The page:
at the Claddagh Quays we look out to Nimmo's Pier. This area is
very scenic and popular with both young and old. A magnificent sight
are the famous Claddagh swans.
Claddagh rings became famous when Claddagh folk adopted their use
as wedding bands and heirlooms, to be passed on from grandmother
to granddaughter. The ring itself and its symbolism was designed
in the late 16th century by Richard Joyce of Galway, after having
been released prisoner from Algerian pirates in Tunis.
Mellows Traditional Pipe Band
opened the festivities for the Blessing of the Galway Bay. View
more pictures of Liam Mellows Pipe Band and listen to the bagpipes
here to read up on Liam Mellows and the Irish Civil
Claddagh with its long and rich history dating back to the 4th or
5th century BC has retained its own King. The King of the Claddagh
today is Michael Linsky. He is seen here with the Lord Mayor of
Galway and the Minister for the Marine at the 'Blessing of Galway
Bay' festival. The 'Blessing' dates back to 1488, when at the beginning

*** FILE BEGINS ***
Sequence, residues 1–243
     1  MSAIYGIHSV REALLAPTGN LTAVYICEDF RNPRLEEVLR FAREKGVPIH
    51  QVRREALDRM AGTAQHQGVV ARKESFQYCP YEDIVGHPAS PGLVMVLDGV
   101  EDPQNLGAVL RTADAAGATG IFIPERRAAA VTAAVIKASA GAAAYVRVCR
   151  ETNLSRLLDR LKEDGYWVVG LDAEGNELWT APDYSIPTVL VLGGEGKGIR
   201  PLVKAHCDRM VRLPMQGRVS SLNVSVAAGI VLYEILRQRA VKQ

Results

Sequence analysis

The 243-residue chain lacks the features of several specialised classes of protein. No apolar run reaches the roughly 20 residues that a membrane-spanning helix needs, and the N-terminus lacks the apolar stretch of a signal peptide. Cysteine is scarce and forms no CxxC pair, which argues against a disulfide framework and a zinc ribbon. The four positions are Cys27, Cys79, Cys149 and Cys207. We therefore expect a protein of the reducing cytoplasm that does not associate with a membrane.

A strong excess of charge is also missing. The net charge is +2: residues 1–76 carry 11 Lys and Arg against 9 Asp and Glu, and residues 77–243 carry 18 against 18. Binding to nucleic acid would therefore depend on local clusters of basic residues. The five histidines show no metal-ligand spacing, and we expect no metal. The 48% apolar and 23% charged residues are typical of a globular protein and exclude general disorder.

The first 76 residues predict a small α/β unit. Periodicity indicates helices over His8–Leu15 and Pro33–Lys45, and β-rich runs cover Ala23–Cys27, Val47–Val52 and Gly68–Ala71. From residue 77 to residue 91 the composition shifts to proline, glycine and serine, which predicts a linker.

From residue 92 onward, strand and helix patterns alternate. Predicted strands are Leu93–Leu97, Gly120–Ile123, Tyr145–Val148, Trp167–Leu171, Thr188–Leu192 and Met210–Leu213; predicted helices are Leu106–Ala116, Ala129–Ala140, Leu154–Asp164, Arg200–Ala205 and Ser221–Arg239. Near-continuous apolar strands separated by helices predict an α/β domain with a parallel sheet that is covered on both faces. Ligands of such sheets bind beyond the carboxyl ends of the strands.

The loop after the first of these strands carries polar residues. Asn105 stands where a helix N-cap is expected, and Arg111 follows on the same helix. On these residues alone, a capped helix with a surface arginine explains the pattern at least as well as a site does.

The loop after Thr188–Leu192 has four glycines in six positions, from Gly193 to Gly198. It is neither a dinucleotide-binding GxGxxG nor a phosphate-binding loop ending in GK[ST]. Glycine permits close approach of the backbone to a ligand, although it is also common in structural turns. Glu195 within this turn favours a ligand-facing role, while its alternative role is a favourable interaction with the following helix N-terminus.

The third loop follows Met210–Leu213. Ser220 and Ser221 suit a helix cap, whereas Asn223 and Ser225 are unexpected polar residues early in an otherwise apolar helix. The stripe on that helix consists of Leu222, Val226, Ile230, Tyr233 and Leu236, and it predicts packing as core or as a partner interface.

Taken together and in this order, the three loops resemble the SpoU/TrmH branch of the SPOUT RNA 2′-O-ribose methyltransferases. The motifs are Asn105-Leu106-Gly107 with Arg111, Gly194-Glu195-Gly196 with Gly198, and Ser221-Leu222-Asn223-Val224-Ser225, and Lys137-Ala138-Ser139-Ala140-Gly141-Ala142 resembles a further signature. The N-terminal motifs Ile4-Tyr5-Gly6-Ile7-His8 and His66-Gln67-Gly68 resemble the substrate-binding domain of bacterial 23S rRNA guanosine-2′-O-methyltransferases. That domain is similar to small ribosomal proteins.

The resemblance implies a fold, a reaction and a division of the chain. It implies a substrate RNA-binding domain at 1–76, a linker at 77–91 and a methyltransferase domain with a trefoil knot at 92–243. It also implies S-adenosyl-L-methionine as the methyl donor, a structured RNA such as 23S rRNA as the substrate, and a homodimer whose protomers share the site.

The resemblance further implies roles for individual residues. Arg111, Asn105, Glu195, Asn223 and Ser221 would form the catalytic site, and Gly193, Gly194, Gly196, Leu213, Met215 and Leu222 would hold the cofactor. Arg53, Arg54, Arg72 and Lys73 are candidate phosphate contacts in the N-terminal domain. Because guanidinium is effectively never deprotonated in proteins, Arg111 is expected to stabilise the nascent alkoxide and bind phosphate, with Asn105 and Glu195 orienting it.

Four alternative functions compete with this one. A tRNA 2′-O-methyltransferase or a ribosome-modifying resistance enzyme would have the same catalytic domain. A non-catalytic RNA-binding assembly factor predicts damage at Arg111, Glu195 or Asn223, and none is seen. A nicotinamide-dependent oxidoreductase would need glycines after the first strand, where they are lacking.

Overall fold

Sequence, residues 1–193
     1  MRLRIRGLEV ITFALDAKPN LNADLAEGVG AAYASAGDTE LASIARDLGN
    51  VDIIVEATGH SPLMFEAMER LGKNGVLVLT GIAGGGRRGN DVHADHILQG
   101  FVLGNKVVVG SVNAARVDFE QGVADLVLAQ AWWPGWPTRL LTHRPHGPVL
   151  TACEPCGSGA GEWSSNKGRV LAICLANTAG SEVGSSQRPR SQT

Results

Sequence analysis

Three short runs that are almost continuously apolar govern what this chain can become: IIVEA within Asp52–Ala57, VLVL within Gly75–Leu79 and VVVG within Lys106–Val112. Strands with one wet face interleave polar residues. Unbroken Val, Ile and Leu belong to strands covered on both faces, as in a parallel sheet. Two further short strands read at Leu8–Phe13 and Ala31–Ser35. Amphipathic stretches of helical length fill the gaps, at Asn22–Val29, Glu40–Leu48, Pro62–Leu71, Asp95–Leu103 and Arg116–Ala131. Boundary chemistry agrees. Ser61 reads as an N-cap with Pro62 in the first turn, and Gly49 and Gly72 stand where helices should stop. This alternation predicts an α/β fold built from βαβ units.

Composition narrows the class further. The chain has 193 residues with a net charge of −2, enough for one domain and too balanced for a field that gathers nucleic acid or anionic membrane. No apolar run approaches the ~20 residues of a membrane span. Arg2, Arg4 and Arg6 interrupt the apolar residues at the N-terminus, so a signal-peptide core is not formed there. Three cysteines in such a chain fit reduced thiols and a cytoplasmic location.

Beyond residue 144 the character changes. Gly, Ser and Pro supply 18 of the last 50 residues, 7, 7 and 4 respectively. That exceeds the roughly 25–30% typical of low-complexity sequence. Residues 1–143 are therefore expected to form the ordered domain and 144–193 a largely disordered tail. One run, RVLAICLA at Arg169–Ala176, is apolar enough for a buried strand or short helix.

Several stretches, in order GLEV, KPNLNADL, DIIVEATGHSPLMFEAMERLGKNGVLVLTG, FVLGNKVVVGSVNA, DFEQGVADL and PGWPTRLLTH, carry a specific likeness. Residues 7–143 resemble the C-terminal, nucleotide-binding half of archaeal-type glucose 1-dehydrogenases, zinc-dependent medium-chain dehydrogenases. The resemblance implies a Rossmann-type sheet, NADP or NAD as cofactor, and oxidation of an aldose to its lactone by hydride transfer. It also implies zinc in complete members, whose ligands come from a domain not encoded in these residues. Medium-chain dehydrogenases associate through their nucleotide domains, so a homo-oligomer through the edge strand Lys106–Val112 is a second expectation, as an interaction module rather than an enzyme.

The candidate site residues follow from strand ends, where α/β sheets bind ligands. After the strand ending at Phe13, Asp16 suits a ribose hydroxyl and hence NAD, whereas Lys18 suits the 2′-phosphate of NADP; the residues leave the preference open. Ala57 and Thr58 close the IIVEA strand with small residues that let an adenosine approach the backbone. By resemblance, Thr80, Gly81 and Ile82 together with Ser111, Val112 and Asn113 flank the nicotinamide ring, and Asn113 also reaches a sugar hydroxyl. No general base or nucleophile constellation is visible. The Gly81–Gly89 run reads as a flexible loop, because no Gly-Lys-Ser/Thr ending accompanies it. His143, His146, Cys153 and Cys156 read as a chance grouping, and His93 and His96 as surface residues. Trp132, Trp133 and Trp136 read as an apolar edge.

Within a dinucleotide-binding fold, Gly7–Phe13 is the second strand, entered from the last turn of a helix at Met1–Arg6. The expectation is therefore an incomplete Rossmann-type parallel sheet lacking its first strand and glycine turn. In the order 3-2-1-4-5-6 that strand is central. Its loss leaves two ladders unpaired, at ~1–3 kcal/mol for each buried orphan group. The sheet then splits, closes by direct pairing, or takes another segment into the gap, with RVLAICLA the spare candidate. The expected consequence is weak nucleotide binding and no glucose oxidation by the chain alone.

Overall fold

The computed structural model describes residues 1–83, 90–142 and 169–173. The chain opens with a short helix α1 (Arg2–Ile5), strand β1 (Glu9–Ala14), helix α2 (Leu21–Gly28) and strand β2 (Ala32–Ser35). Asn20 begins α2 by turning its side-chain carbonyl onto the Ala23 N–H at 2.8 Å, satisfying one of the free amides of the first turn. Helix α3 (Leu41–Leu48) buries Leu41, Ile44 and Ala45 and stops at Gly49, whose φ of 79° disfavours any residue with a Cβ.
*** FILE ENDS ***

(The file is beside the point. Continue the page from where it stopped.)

of the herring season the fishing boats would be blessed by a Dominican
King of the Claddagh said that he was delighted to see so many boats
at the event. Himself he had attended the Blessing of the Bay now
for the last forty years on his own boat.
The Blessing of the Bay was the oldest tradition in Ireland and
it should be kept alive and that all the young people who came after
him ought to continue it. The number of boats going every year was
increasing and interest in the Blessing of the Bay was growing.
more photos and speeches from the opening ceremony please click
the Claddagh we continue up to Dominic Street and take a look inside
Galway's famous music venue, the Roisin Dubh pub...